Orn v. City of Tacoma et al

Filing 124

ORDER Granting In Part and Denying In Part 90 Motion for Summary Judgment, signed by Judge Ronald B. Leighton.(DK)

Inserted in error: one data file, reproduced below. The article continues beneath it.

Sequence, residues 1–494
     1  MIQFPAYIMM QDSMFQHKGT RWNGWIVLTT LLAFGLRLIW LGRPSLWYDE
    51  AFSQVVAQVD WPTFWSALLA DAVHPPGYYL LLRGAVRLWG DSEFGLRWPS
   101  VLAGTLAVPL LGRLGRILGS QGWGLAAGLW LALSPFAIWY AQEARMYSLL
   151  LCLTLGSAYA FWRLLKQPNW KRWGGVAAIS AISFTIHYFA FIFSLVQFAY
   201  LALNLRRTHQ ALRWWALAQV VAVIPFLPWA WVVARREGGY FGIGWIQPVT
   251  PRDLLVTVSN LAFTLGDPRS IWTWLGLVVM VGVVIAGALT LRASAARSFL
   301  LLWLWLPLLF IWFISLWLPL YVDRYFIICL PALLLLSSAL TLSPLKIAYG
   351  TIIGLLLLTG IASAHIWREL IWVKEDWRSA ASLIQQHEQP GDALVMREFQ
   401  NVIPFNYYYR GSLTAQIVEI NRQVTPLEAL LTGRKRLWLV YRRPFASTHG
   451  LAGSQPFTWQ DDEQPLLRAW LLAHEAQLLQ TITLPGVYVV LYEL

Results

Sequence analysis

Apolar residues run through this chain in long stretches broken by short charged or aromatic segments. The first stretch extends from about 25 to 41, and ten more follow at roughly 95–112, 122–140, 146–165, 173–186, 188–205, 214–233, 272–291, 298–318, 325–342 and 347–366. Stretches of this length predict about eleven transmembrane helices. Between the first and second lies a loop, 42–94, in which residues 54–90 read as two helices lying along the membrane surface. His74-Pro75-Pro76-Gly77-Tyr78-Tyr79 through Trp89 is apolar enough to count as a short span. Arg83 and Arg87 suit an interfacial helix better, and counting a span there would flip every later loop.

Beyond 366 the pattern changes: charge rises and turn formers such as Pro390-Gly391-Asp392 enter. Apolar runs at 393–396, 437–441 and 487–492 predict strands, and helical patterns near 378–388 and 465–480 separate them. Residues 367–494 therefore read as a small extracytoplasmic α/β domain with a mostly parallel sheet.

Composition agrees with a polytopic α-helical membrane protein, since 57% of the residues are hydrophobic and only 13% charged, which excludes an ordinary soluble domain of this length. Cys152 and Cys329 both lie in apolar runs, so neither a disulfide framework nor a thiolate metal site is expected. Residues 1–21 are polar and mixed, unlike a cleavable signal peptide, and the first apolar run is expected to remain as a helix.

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HONORABLE RONALD B. LEIGHTON 1 2 3 4 5 6 UNITED STATES DISTRICT COURT WESTERN DISTRICT OF WASHINGTON AT TACOMA 7 8 CASE NO. C13-5974 RBL THAN ORN, 9 Plaintiff, 10 11 ORDER v. CITY OF TACOMA, 12 Defendant. 13 14 THIS MATTER is before the Court on Defendants’ Motion for Summary Judgment [Dkt. 15 #90]. The Court has reviewed the materials filed in favor and opposed to the motion and has 16 received the benefit of oral argument of counsel. For the following reasons, the motion is 17 GRANTED IN PART and DENIED IN PART. 18 19 I. PLAINTIFF’S VIEW OF THE FACTS Than Orn was a 34-year-old Cambodian-American husband and father of three living in an 20 apartment complex on S. 65th St. and Tacoma Mall Boulevard. On October 12, 2011, at 21 approximately 8:30 p.m., Orn was driving a white Mitsubishi Montero SUV down S. 64th St., with 22 his parking lights on, but not his headlights. Orn passed a silver vehicle with no visible light bar, 23 driven by Tacoma Police Department (TPD) Sgt. Alan Morris going in the opposite direction. Morris 24 drove past the white SUV, turned his vehicle around, turned on his emergency lights mounted at the ORDER - 1 1 top of his windshield and accelerated to catch up to Orn. At 8:31 p.m., Sgt. Morris radioed to 2 dispatch that he was attempting to pull the vehicle over but the vehicle was not stopping. Orn drove 3 between 25 and 35 MPH. Morris characterized Orn’s actions as failing to yield, but did not consider 4 his driving reckless. Morris followed the vehicle and continued to give updates to dispatch. 5 6 7 8 9 Officer Daniel Bortle joined Sgt. Morris in the pursuit of Orn. According to Bortle, he maneuvered his patrol car alongside Orn with Sgt. Morris “to try and box [Orn] in.” Bortle pulled up to Orn with Morris behind him, traveling 30–35 MPH, and according to Bortle, Orn swerved his car at him. Officer Bortle, Sgt. Morris and Officer Michael Johnson initiated a “rolling roadblock” maneuver in an attempt to stop Orn’s vehicle. Officer Bortle, Sgt. Morris and Officer Johnson pulled alongside Orn, traveling between 5 10 and 15 MPH. According to Officer Bortle, TPD’s policy at the time regarding the use of a rolling 11 roadblock was that it was only allowable in situations involving the use of deadly force, where the 12 situation involved an imminent threat to bodily injury or death. But Bortle admits there were no 13 reports of Orn being suspected of a violent felony or that he had a firearm. Further, there were no 14 reports of Orn’s actions escalating which justified the use of deadly force. 15 16 17 18 Officers Donald Rose and Kristopher Clark were inside TPD’s three sector substation at Wapato Park when they heard Sgt. Morris first call out that he was trying to stop Orn’s vehicle. Morris had radioed dispatch that the vehicle was failing to yield. Officers Rose and Clark went out to Clark’s Ford Expedition patrol vehicle and headed to the 19 direction that Sgt. Morris was calling out over the radio. Rose and Clark were about 15 blocks away 20 from Morris. Rose and Clark knew that only a traffic violation had occurred and the Orn vehicle was 21 failing to yield. The officers also knew that neither violation was a felony and that the Orn vehicle 22 was not implicated in any felony situation. In the continuum of force, as the officers understood 23 Than Orn’s behavior, Orn was only considered to be “active resistant.” Rose and Clark were 24 ORDER - 2 1 “paralleling the pursuit,” meaning they were not in line with other officers following Orn but were 2 following on side streets. Five to seven TPD vehicles were following behind Orn at this time. 3 Clark and Rose blocked westbound traffic at the intersections of 56th and Alaska, by 4 positioning the Expedition in the roadway with their lights on, in order to keep general traffic away. 5 Neither Clark nor Rose left the vehicle. A nearby officer was laying out spike strips in the road to try 6 7 8 9 and puncture the Orn vehicle’s tires. According to Officer Rose, Than Orn, still only traveling about 30 mph, swerved his vehicle away from the officer deploying the spike strips rather than drive at him. At the time Orn’s vehicle swerved around the spike strips, there was no oncoming traffic and no danger in his pathway. In addition, Orn’s speed continued to be a “pretty low speed” between 30–35 mph. 10 After paralleling Orn’s vehicle, Clark and Rose heard over the radio that Orn’s vehicle was 11 registered to an apartment at the Valley Vista apartment complex just off Tacoma Mall Boulevard. 12 At the time, the patrol cars following Orn were at the south entrance of the apartments. Clark and 13 Rose pulled into the north entrance to get in front of the pursuit. 14 Once he was inside the parking lot of Orn’s apartment complex, Officer Clark positioned his 15 16 17 18 vehicle in the thoroughfare of the main parking lot near the north entrance so that the front of his vehicle was near an island that butted out into the parking lot area. Officer Clark has submitted an affidavit admitting that he parked his Ford Expedition, a full-size SUV, “across a narrow point in the thoroughfare near the north entrance” of the apartment complex’s parking lot, which he believed 19 “would prevent Mr. Orn from exiting the parking lot.” Clark’s declaration also further asserts that his 20 intent was “containment” rather than to create a roadblock. 21 Other officers concur that Clark’s vehicle was a roadblock. Clark’s partner, Officer Rose, 22 described Clark’s vehicle positioning as “effectively cut[ting] off northbound travel through the 23 parking lot right there.” Officer Daniel Bortle described Clark’s SUV as facing in an east-westerly 24 ORDER - 3 1 position, and, blocking the roadway. Officer Clark ignored the command to stay in his vehicle, and 2 instead, used his car as a roadblock. 3 As Than Orn’s vehicle entered the Valley Vista apartment complex, Officer Bortle, who was 4 traveling in the caravan behind Orn with Officer Kim, K-9 Officer David Johnson, and Sgt. Morris, 5 estimates that Orn traveled approximately 15 mph. Bortle also testified that as Orn’s vehicle 6 7 8 9 approached Clark’s Expedition, “For just a brief second the vehicle did pause.” Officer Kim, travelling immediately behind Orn, testified in Than Orn’s criminal trial and in his deposition that Orn was traveling very slowly in the apartment complex. As Orn approached Officer Clark’s Ford Expedition, Than Orn drove away from where Officer Clark had positioned himself, and instead drove onto a grass planting strip around Clark’s 10 vehicle and opposite of where Clark was standing. Officer Steven Butts, who also came in at the 11 north entrance of the apartment complex, arrived in his patrol car and parked his vehicle just north of 12 where Clark’s Expedition was blocking the road. Officer Butts stayed in his patrol vehicle behind 13 Clark’s vehicle but could see Orn’s caravan coming forward. He watched as Than Orn’s vehicle was 14 coming closer to Clark’s blocking vehicle. Orn was traveling “maybe five miles an hour when it 15 16 17 18 slowed.” Then Orn either stopped or slowed down substantially before Officer Clark’s vehicle. Butts watched the Orn vehicle drive away from where Clark had positioned himself, and then up on the grass planting strip. Officer Butts testified that Orn’s vehicle was going very slowly, 3-4 mph, as it went onto the grass and back down again. As Orn was driving on the grass planting strip, Butts 19 intentionally backed his car up seeking to cut off any route for Than Orn to escape. After doing so, 20 Orn’s vehicle, still traveling 4 mph according to Butts, came into contact with the front push bar of 21 Butts’s car. Butts heard plastic crunching and felt a jarring of the vehicle, but the impact was so 22 minor that it didn’t actually move Butt’s vehicle. 23 24 ORDER - 4 1 As he was coming through the narrow entrance, Orn also made contact with the rear bumper 2 of Clark’s Expedition. Officer Rose, who was still in the vehicle, called the contact from Orn a 3 glancing blow. 4 5 6 7 8 9 Officer Clark states that he moved from the grass median where he was standing (opposite of the grass patch Orn drove on), to a position either at or behind his vehicle’s bumper. Clark further states that he was positioned “out of [Orn’s] direct path of travel. However, neither of the officers immediately in the area, Rose or Butts, saw Clark.” Officer Clark claims he then saw Orn’s vehicle turn towards him and the vehicle accelerated at him. Clark also states that at that same moment, he “could hear the engine of [Orn’s] vehicle under hard acceleration.” Clark doesn’t explain how but, despite his position behind the bumper, he 10 claimed the vehicle was now coming at him. Clark then claims that he extended his left arm to brace 11 for the impact of Orn’s vehicle and began to move backwards. He claims he believed that Orn was 12 trying to run him over, and because of his close proximity to Orn’s vehicle, he had to raise his pistol 13 and fire downward while his left hand remained on Orn’s vehicle. 14 Officer Butts, who approximates that he was no more than eight feet from Clark’s vehicle, 15 16 17 18 did not see Clark. Butts watched Orn’s vehicle traveling right in front of him, going 3-4 mph as it was coming off the grass, but Butts also did not see Clark reach out his hand and touch the car. He just heard shots being fired and glass shattering on Orn’s vehicle. Officer Butts also testified to a much different time sequence of the alleged hard acceleration by Than Orn’s vehicle. Rather than a 19 “hard acceleration” before shots were fired as claimed by Officer Clark, Butts heard the hard 20 acceleration only after Clark fired his gun. 21 Officer Clark has described his second volley of shots at the Orn vehicle as being fired 22 because he was in fear for the safety of his partner, Donald Rose. “I believed that Mr. Orn had just 23 assaulted me with a deadly weapon and that he would intentionally try and run other officers over, 24 and therefore, I believed that Mr. Orn was an imminent threat to my partner. Therefore, I fired five or ORDER - 5 1 six more times, in rapid succession, at Mr. Orn through the back window of his SUV.” Officer Rose, 2 however, was inside the Ford Expedition and never exited the patrol vehicle until after Than Orn was 3 shot. More importantly, Rose does not recall his partner, Officer Clark, ever telling him about his 4 concerns for Rose’s safety. Instead, the only safety concern Clark told Rose about was his own, even 5 as the Orn vehicle was moving away. 6 7 8 9 Chief Donald Ramsdell, in his administrative review of the Use of Deadly Force Review Board’s finding, confirmed two things: 1) That Officer Clark’s official statement to investigators about his safety were different than what he told his partner, Officer Rose; and 2) No one, not Clark, Rose or anyone else, was in the path of danger while Officer Clark was “running and shooting,” as Officer DeNully described it, as Than Orn’s vehicle was moving away. 10 In addition to the multiple, significant differences between what Officer Kristopher Clark 11 told investigators versus what others observed and the admissions Clark made to his partner, Donald 12 Rose, the evidence does not support Clark’s claims about the shooting of Than Orn. First, Detective 13 Gene Miller, the detective tasked with investigating the shooting scene, testified that Kristopher 14 Clark’s alleged palm print on the side of the Orn vehicle, could not be conclusively matched to 15 16 17 18 Officer Clark. Second, the evidence supports the argument that Than Orn’s vehicle was not a threat to Kristopher Clark at any point when he fired because Orn’s vehicle was already passing by. Third, the defendants’ ballistic expert testified that the angle of the first volley of shots shows 19 that the paralyzing shot to Than Orn’s back from the passenger-rear window was fired between 2 feet 20 and 4 feet away from the side of the car, contradicting Officer Clark’s claims that he was touching 21 Orn’s vehicle as it was passing him. 22 On May 10, 2012, TPD’s Use of Deadly Force Review Board met to consider whether 23 Kristopher Clark’s use of deadly force against Than Orn was reasonable and within Department 24 policy. The final decision was ratified and approved by Chief Ramsdell. Although the Board found ORDER - 6 1 Clark’s actions to be within Department Policy, the Board included retraining requirements for 2 Officer Clark which included recommendations to re-train in the areas of “Positioning Self Once 3 Exiting His Patrol Vehicle” and “Environmental Awareness and Location within Potential Deadly 4 Circumstance (Vehicle Position Angle-Positional reactions.)” 5 6 7 8 9 In the wake of the shooting, the Pierce County Prosecutor’s office, working together with TPD Detective Miller, brought criminal charges against Than Orn seeking to convict Orn of Assault 2 for the alleged touching of Officer Clark with his vehicle and Felony Alluding. After five days of testimony, the jury came back with “Not Guilty” verdicts for both the assault charge and felony alluding. Orn was acquitted of the assault charge against Officer Clark but convicted of the misdemeanor of “Failing to Obey a Law Enforcement Officer.” He was fined $250.00. Than Orn 10 remains paralyzed from the waist down. 11 II. ISSUES PRESENTED BY THE MOTION 12 13 A. Whether plaintiff’s claim for excessive force against Officer Clark should be dismissed where the officer’s use of deadly force was objectively reasonable under the totality of circumstances confronting the officer. 14 15 B. Whether plaintiff’s claim for excessive force against Officer Clark should be dismissed as the officer is immune from suit pursuant to the doctrine of qualified immunity. 16 17 18 19 20 21 22 23 C. Whether plaintiff’s municipal liability claim for a failure to train should be dismissed where plaintiff cannot establish the essential elements of his prima facie case. D. Whether the children’s’ loss of consortium claims based on alleged deprivations of Than Orn’s constitutional rights should be dismissed as such rights are personal and will not support a claim for another’s loss of consortium. E. Whether the children’s’ loss of consortium claims based on a state tort claims for assault and battery should be dismissed as the claims are time barred. F. Whether plaintiff’s negligent hiring, training and supervision claims against the City of Tacoma should be dismissed where the City’s employees were acting within the course and scope of employment and where plaintiffs cannot establish all essential 24 ORDER - 7 1 2 3 elements for these claims. G. Whether plaintiff’s negligence claims against the defendants should be dismissed where Officer Clark’s use of deadly force was an intentional act and where plaintiff cannot establish that the violation of any policies was the proximate cause of his damages. 4 5 6 7 8 9 10 11 12 13 14 15 16 17 18 19 20 III. SUMMARY JUDGMENT STANDARD Summary judgment is proper “if the pleadings, the discovery and disclosure materials on file, and any affidavits show that there is no genuine issue as to any material fact and that the movant is entitled to judgment as a matter of law.” Fed. R. Civ. P. 56(c). In determining whether an issue of fact exists, the Court must view all evidence in the light most favorable to the nonmoving party and draw all reasonable inferences in that party’s favor. Anderson Liberty Lobby, Inc., 477 U.S. 242, 248–50 (1986); Bagdadi v. Nazar, 84 F.3d 1194, 1197 (9th Cir. 1996). A genuine issue of material fact exists where there is sufficient evidence for a reasonable factfinder to find for the nonmoving party. Anderson, 477 U.S. at 248. The inquiry is “whether the evidence presents a sufficient disagreement to require submission to a jury or whether it is so one-sided that one party must prevail as a matter of law.” Id. At 251–52. The moving party bears the initial burden of showing that there is no evidence which supports an element essential to the nonmovant’s claim. Celotex Corp. v. Catrett, 477 U.S. 317, 322 (1986). Once the movant has met this burden, the nonmoving party then must show that there is a genuine issue for trial. Anderson, 477 U.S. at 250. If the nonmoving party fails to establish the existence of a genuine issue of material fact, “the moving party is entitled to judgment as a matter of law.” Celotex, 477 U.S. at 323–24. 21 22 23 24 ORDER - 8 1 2 3 IV. ANALYSIS A. Excessive Force Legitimate issues of fact are best determined by a jury. Excessive force is examined 4 under the Fourth Amendment’s prohibition of unreasonable searches and seizures. Graham v. 5 Connor, 490 U.S. 386, 396–97 (1989). Whether the officers’ use deadly force was reasonable in 6 these circumstances is a question fraught with factual issues. Under Graham, three specific 7 factors must be considered in assessing the reasonableness of the force used: (1) the severity of 8 the crime at issue, (2) whether the suspect poses an immediate threat to the safety of the officers 9 or others, and (3) whether he is actively resisting arrest or attempting to evade arrest by flight. 10 Smith v. City of Hemet, 394 F.3d at 701 (citing Graham, 490 U.S. at 396). Whether the suspect 11 poses a threat to the safety of officers or others is “the most important single element of the three 12 specified factors.” Chew v. Gates, 27 F.3d 1432, 1441 (9th Cir. 1994). The other Graham 13 factors – the severity of the crime at issue, and the suspect’s attempts to actively resist arrest or 14 evade by flight – also present factual questions. A jury could find that it was unreasonable for an 15 officer to conclude that deadly force was warranted in this situation. Defendants’ motion for 16 summary judgment on the excessive force claim is DENIED. 17 B. Qualified Immunity 18 Qualified immunity “shields an officer from suit when she makes a decision that, even if 19 constitutionally deficient, reasonably misapprehends the law governing the circumstances she 20 confronted.” Brosseau v. Haugen, 543 U.S. 194, 198(2004). The Supreme Court has endorsed a 21 two-part test to resolve claims of qualified immunity: a court must decide (1) whether the facts 22 that a plaintiff has alleged “make out a violation of a constitutional right,” and (2) whether the 23 “right at issue was ‘clearly established’ at the time of defendant’s alleged misconduct.” Pearson 24 v. Callahan, 555 U.S. 223, 232(2009). Qualified immunity protects officers not just from ORDER - 9 1 liability, but from suit: “it is effectively lost if a case is erroneously permitted to go to trial,” and 2 thus, the claim should be resolved “at the earliest possible state in litigation.” Anderson v. 3 Creighton, 483 U.S. 635, 640 n. 2(1987). The purpose of qualified immunity is “to recognize 4 that holding officials liable for reasonable mistakes might unnecessarily paralyze their ability to 5 make difficult decisions in challenging situations, thus disrupting the effective performance of 6 their public duties.” Mueller v. Auker, 576 F.3d 979, 993 (9th Cir. 2009). Because “it is 7 inevitable that law enforcement officials will in some cases reasonably but mistakenly conclude 8 that probable cause [to arrest] is present,” qualified immunity protects officials “who act in ways 9 they reasonably believe to be lawful.” Garcia v. County of Merced, 639 F.3d 1206, 1208 (9th 10 11 Cir. 2011) (quoting Anderson, 483 U.S. at 641). Importantly a court must judge reasonableness “from the perspective of a reasonable 12 officer on the scene, rather than with the 20/20 vision of hindsight.” Id. Courts are cautioned to 13 make “allowance for the fact that police officers are often forced to make split-second judgments 14 – in circumstances that are tense, uncertain, and rapidly evolving – about the amount of force 15 that is necessary in a particular situation.” Id. And, although the question is “highly fact- 16 specific,” the inquiry is objective: a court must ask “whether the officers’ actions are 17 ‘objectively reasonable’ in light of the facts and circumstances confronting them,” Id. (citing 18 Scott v. Harris, 550 U.S 372, 383(2007); Graham, 490 U.S. at 397). 19 The testimony of the officers involved in the pursuit of Orn does not present a 20 comprehensive, consistent story of what happened and why. Thus, it cannot be said as a matter 21 of law that the officers are entitled to qualified immunity. Defendants’ motion for summary 22 judgment on qualified immunity is DENIED. 23 24 ORDER - 10 1 2 C. Monell Claim The United States Supreme Court has held that municipalities may be held liable as 3 “persons” under § 1983 “when execution of a government’s policy or custom, whether made by 4 its lawmakers or by those whose edicts or acts may fairly be said to represent official policy, 5 inflicts the injury.” Monell v. Dep’t of Soc. Serv. of City of New York, 436 U.S. 658, 694 (1978). 6 A plaintiff may establish municipal liability by demonstrating that an official with final policy- 7 making authority “delegated that authority to, or ratified the decision of, a subordinate.” Ulrich 8 v. City & Cty. of San Francisco, 308 F.3d 968, 984–85 (9th Cir. 2002). “If the authorized 9 policymakers approve a subordinate’s decision and the basis for it, their ratification would be 10 chargeable to the municipality because their decision is final.” Id. (internal citation and 11 quotations omitted). To establish a ratification claim, Plaintiffs must present evidence of “a 12 ‘conscious, affirmative choice’ on the part of the authorized policymaker.” Id. (quoting Gillette, 13 979 F.2d at 1347). “A local government can be held liable under § 1983 only where a deliberate 14 choice to follow a course of action is made from among various alternatives by the official or 15 officials responsible for establishing final policy with respect to the subject matter in question.” 16 Id. (internal quotations omitted). The policymaker must have knowledge of the alleged 17 constitutional violation. Christie v. Iopa, 176 F.3d 1231, 1239 (9th Cir. 1999). 18 Plaintiffs argue Tacoma is liable under Monell based on a “ratification theory.” The 19 Court is persuaded by the holding in Rosales v. City of Chico, No. CV21402152WBSCMK, 2015 20 WL6167740, at *7–8 (E.D. Cal. Oct. 20, 2015), where the court denied the defendant city’s 21 motion for summary judgment on plaintiffs’ Monell claim when the chief of police pronounced 22 that the allegedly offending officer’s conduct was “in compliance with Department policy.” The 23 court explained: 24 ORDER - 11 In this case, it is not a mere ratification, but rather the Chief of Police’s pronouncement that Officer Bailey’s alleged use of force was “in compliance with Department policy” that gives rise to a Monell claim. This is “tantamount to the announcement or confirmation of a policy for purposes of Monell.” The Chief of Police’s finding that Officer Bailey’s use of force was “in compliance” with the City of Chico’s policies is more than sufficient to raise a genuine issue of material fact with respect to whether the City of Chico had a policy of using the force Officer Bailey did in this case. Although the finding was made after the incident, it constitutes clear evidence from which a rational jury could infer that the policy existed before the incident and therefore was the moving force that caused the injury. If the jury ultimately concludes that Officer Bailey used excessive force and that the use of force comported with the City of Chico’s policies, it would be entirely consistent with Monell to hold the City of Chico liable based on its policy promoting that use force. 1 2 3 4 5 6 7 8 10 Accordingly, because plaintiff has raised a genuine issue of material fact with respect to whether the City of Chico had a policy that caused the constitutional violation alleged in this case, the court must deny defendants’ motion for summary judgment on plaintiff’s§ 1983 Monell claim. 11 Municipalities are required to review police shootings and carefully determine whether the 12 shooting complied with local policy, and then determine whether or not discipline is appropriate. 13 A rational jury could find that Clark’s decision to shoot was not constitutionally justified, and that 14 Tacoma ratified that unconstitutional decision by determining it was lawful and within policy. 15 Summary judgment on the Monell claim against Tacoma is accordingly DENIED.1 16 D. Children’s Constitutional Claims 9 Ninth Circuit precedent holds that “a parent who claims loss of the companionship and 17 18 society of his or her child, or vice versa . . . has a constitutionally protected liberty interest under 19 the Fourteenth Amendment in the companionship and society of his or her child . . . .” Curnow v. 20 Ridgecrest Police, 952 F.2d 321, 325 (9th Cir. 1991) (citing Strandberg v. City of Helena, 791 21 F.2d 744, 748 (9th Cir. 1986); Kelson v. City of Springfield, 767 F.2d 651, 653–55 (9th Cir. 22 1 23 24 This is a reversal of the Court’s stated position at oral argument. After oral argument, the Court reviewed Rosales and the record and determines there is sufficient evidence of ratification to survive summary judgment, notwithstanding the Court’s initial inclination. ORDER - 12 1 1985)); see also Moreland v. Las Vegas Metro. Police Dep’t, 159 F.3d 365, 371 (9th Cir. 1998) 2 (noting that plaintiffs “may assert a Fourteenth Amendment claim based on the related 3 deprivation of their liberty interest arising out of their relationship with [their deceased son]”). 4 This is true even where the deprivation is incidental to the state’s acts. Ostling v. City of 5 Bainbridge Island, 872 F.Supp.2d 1117, 1127 (W.D. Wash. 2012). 6 Official conduct that “shocks the conscience” in depriving children or parents of that 7 interest is cognizable as a violation of due process. Wilkinson v. Torres, 610 F.3d 546, 555 (9th 8 Cir. 2010) (citations omitted). “Where actual deliberation is practical, then an officer’s 9 ‘deliberate indifference’ may suffice to shock the conscience. On the other hand, where a law 10 enforcement officer makes a snap judgment because of an escalating situation, his conduct may 11 only be found to shock the conscience if he acts with a purpose to harm unrelated to legitimate 12 law enforcement objectives.” Id. (internal citation omitted). 13 Plaintiffs assert that Officer Kristopher Clark’s unconstitutional use of force against Than 14 Orn was a violation under the Fourth Amendment and the Fourteenth Amendment. Plaintiffs 15 further contend that as a direct and proximate result of these constitutional violations, the Orn 16 children have lost the care, affection, companionship, society, support and consortium of their 17 father as a result of their father’s substantial injuries. 18 Plaintiffs have presented facts that could establish that Defendant Kristopher Clark had the 19 time, and took the time, to deliberate and decide to use deadly force against Than Orn, leaving him 20 critically injured and ultimately paralyzed. This was not a “snap decision” as cautioned against in 21 Wilkinson. Wilkinson, 610 F.3d at 555. Officer Clark ignored orders to stay in his vehicle. He 22 deliberately created a roadblock in a situation that did not warrant the use of deadly force. And then, 23 24 as the evidence shows, he fired at Than Orn as Orn’s vehicle was passing Clark when there was no danger of imminent harm to Clark or to anyone else. Further, Clark continued to fire at Orn’s vehicle ORDER - 13 1 seven to eight more times as it was traveling away from Clark. Plaintiffs articulate a colorable claim 2 that in using such excessive force, Kristopher Clark materially diminished Than Orn’s relationship 3 with his children. As such, Thalisa Orn, J.O., and C.O., should be allowed to maintain a claim for 4 violation of their substantive due process interest in the companionship of their father, Than Orn. 5 Ostling v. City of Bainbridge Island, 872 F. Supp. 2d at 1127. The motion for summary judgment on 6 7 8 9 10 11 12 this claim is DENIED. E. Children’s Claim – Statute of Limitations Defendants allege that the children’s claim is time barred. They rely in large part on Kelley v. Centennial Contractors Enter. Inc., 236 P.3d 197 (Wash. 2010). In Kelley, the children of a man critically injured by a falling steel beam brought a separate action, after their father’s lawsuit had already resolved. “Six months after the judgment was rendered in Phillip Blackshear’s lawsuit against Centennial, the three Blackshear minor children commenced their lawsuit against Centennial for loss of parental consortium.” Id. at 198. Washington’s Supreme Court considered whether the 13 children’s separate action was allowable because the statute of limitations for minors, codified under 14 RCW 4.16.190, tolls until the age of 18. Id. at 200. The Court opined that a question of fact existed 15 as to whether the children were able to feasibly join their father’s lawsuit at the time it was being 16 litigated, or whether, based upon the continuing nature of the father’s injury past the resolution of his 17 18 19 20 own case, joinder was not practicable. Id. at 201. The Orn children joined their father’s lawsuit; they are not seeking to file their own. As Defendants concede, Mr. Orn filed his original complaint for damages on October 10, 2013, prior to the running of the two-year statute of limitations for assault and battery claims in Washington State. 21 Wash. Rev. Code § 4.16.100. Necessarily, Mr. Orn’s added claims for assault and battery relate back 22 to the initial filing date. Under RCW § 4.16.190, the Orn children’s claims must toll until the age of 23 18, and under Kelley, the children’s claims must be joined, if feasible, with their father’s lawsuit. The 24 ORDER - 14 1 Orn children have done precisely that: they have joined their father’s suit. The motion for summary 2 judgment on this issue is DENIED. 3 F. Negligent Hiring – State Law 4 Claims of negligent hiring, retention, training, and supervision are based not on the 5 concept of vicarious liability (respondeat superior), but on the notion that “the employer’s own 6 negligence is a wrong to the injured party, independent from the employer’s liability for its 7 employee’s negligence imputed by the doctrine of respondeat superior.” Evans v. Tacoma School 8 Dist., 380 P.3d 553, 564 (Wash. Ct. App. 2016) (citing Niece, 929 P.2d at 420). 9 In cases such as the instant case, where the plaintiff is asserting that the allegedly tortious 10 employee was acting within the scope of his or her employment, claims for negligent supervision 11 are redundant and futile. As the Washington Court of Appeals observed in Gilliam v. Dep’t of 12 Soc. and Health Serv.: 13 14 15 16 17 18 19 20 21 22 23 Here, the State acknowledged Morrow was acting within the scope of her employment, and that the State would be vicariously liable for her conduct. Under these circumstances a cause of action for negligent supervision is redundant. If Gilliam proves Morrow’s liability, the State will also be liable. If Gilliam fails to prove Morrow’s liability, the State cannot be liable even if its supervision was negligent. 950 P.2d 20, 28 (Wash. Ct. App. 1998) (emphasis added). Thus, “an injured party generally cannot assert claims for negligent hiring, retention, supervision or training of an employee when the employer is vicariously liable for the employee’s conduct.” Evans, 380 P.3d at 564 (citing LaPlant v. Snohomish Cty., 217 P.3d 254 (Wash. Ct. App. 2011)). The Gilliam and Evans courts’ analysis is equally applicable to the instant case. In this case, all of the officers involved in this incident were acting within the course and scope of their employment and Plaintiffs concede as much. Because there is no dispute that the City’s employees were acting within the course and scope of their employment, Plaintiffs’ negligent 24 ORDER - 15 1 hiring, training, and supervision fail claims fail as a matter of law. Accordingly, summary 2 judgment on this claim is GRANTED and the claim is DISMISSED WITH PREJUDICE. 3 G. Negligence Claim 4 Plaintiffs’ negligence claim seeks to hold the City responsible for the actions of its 5 agents, which Defendants acknowledge were acting within the course and scope of their 6 employment. As such, if the jury finds Officer Kristopher Clark liable for the battery of Than 7 Orn, the City of Tacoma is ultimately responsible for the actions of its agents and employees. 8 9 Washington recognizes the state tort of battery by a law enforcement officer in an excessive force case. Staats v. Brown, 991 P.2d 615 (Wash. 2000). In Staats, Washington’s 10 Supreme Court found that the arresting officer was protected by qualified immunity with regard 11 to the § 1983 false arrest claims because Fourth Amendment law was not clearly established at 12 the time of that particular arrest. Id. at 77. However, qualified immunity under § 1983 did not 13 immunize the arresting officer from claims under state law of the torts of assault and battery. Id. 14 at 780. The court found that state qualified immunity is not available for claims of excessive 15 force to effectuate an arrest. Id. (citing Coldeen v. Reid, 182 P. 599 (1919)). Excessive force in 16 which a police officer was “acting oppressively or wantonly injuring a person escaping from a 17 misdemeanor arrest,” does not allow for qualified immunity. Id. As a policy, it is preferable to 18 allow a civil action against the officer, rather than the alternative of physical resistance by the 19 arrestee. Id. 20 The Staats court further noted that state immunity is different from qualified immunity 21 under federal law. Id. at 779. Qualified immunity under state law is assessed when the officer (1) 22 carries out a statutory duty (2) according to procedures dictated to him by statute or superiors, (3) 23 acts reasonably. Id. citing Guffy v. State, 690 P.2d 1163 (Wash. 1984). State qualified immunity 24 does not deal with the issue of whether or not a given right is “clearly established” at the time of ORDER - 16 1 the incident. Id. Additionally, as suggested in Staats, the personal immunity of qualified 2 immunity would not extend to the employer, in this case, the City of Tacoma. Id.; see also, 3 Savage v. State, 899 P.2d 1270 (Wash. 1995), (holding that under state law, personal qualified 4 immunity of the agent or employee does not extend to the principal or the employer). The 5 motion for summary judgment on the negligence claim is DENIED. 6 V. CONCLUSION 7 The motion is GRANTED IN PART and DENIED IN PART as follows: 8 A. Excessive Force – DENIED. 9 B. Qualified immunity – DENIED. 10 C. Monell Liability – DENIED. 11 D. Children’s Constitutional Claims – DENIED. 12 13 14 E. Children’s Claims – Statute of Limitations – DENIED. F. Claims for Negligent Hiring, Training and Supervision – GRANTED. G. Negligence Claim – DENIED. IT IS SO ORDERED. 15 Dated this 9th day of April, 2018. 16 A 17 18 Ronald B. Leighton United States District Judge 19 20 21 22 23 24 ORDER - 17